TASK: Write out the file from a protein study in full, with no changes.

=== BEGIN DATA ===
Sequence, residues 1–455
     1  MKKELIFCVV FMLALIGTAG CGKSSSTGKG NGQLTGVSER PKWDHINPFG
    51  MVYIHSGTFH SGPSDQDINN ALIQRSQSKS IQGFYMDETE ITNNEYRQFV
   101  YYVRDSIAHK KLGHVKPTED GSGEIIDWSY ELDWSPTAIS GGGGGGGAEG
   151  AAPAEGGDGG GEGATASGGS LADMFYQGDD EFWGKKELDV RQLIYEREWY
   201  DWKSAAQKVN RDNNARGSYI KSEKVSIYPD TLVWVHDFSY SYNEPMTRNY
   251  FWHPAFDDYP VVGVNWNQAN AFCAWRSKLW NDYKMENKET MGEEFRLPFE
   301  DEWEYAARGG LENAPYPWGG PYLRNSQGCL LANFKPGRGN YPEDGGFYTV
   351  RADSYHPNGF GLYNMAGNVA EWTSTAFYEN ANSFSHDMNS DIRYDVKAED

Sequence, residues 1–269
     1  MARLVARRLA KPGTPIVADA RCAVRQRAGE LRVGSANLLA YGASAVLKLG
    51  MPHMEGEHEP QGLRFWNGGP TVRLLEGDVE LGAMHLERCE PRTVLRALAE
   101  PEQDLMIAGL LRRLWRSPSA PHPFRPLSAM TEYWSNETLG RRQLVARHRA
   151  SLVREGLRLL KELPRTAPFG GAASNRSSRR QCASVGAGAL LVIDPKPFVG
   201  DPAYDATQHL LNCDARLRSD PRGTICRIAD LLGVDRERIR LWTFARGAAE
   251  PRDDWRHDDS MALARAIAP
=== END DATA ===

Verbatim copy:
Sequence, residues 1–455
     1  MKKELIFCVV FMLALIGTAG CGKSSSTGKG NGQLTGVSER PKWDHINPFG
    51  MVYIHSGTFH SGPSDQDINN ALIQRSQSKS IQGFYMDETE ITNNEYRQFV
   101  YYVRDSIAHK KLGHVKPTED GSGEIIDWSY ELDWSPTAIS GGGGGGGAEG
   151  AAPAEGGDGG GEGATASGGS LADMFYQGDD EFWGKKELDV RQLIYEREWY
   201  DWKSAAQKVN RDNNARGSYI KSEKVSIYPD TLVWVHDFSY SYNEPMTRNY
   251  FWHPAFDDYP VVGVNWNQAN AFCAWRSKLW NDYKMENKET MGEEFRLPFE
   301  DEWEYAARGG LENAPYPWGG PYLRNSQGCL LANFKPGRGN YPEDGGFYTV
   351  RADSYHPNGF GLYNMAGNVA EWTSTAFYEN ANSFSHDMNS DIRYDVKAED

Sequence, residues 1–269
     1  MARLVARRLA KPGTPIVADA RCAVRQRAGE LRVGSANLLA YGASAVLKLG
    51  MPHMEGEHEP QGLRFWNGGP TVRLLEGDVE LGAMHLERCE PRTVLRALAE
   101  PEQDLMIAGL LRRLWRSPSA PHPFRPLSAM TEYWSNETLG RRQLVARHRA
   151  SLVREGLRLL KELPRTAPFG GAASNRSSRR QCASVGAGAL LVIDPKPFVG
   201  DPAYDATQHL LNCDARLRSD PRGTICRIAD LLGVDRERIR LWTFARGAAE
   251  PRDDWRHDDS MALARAIAP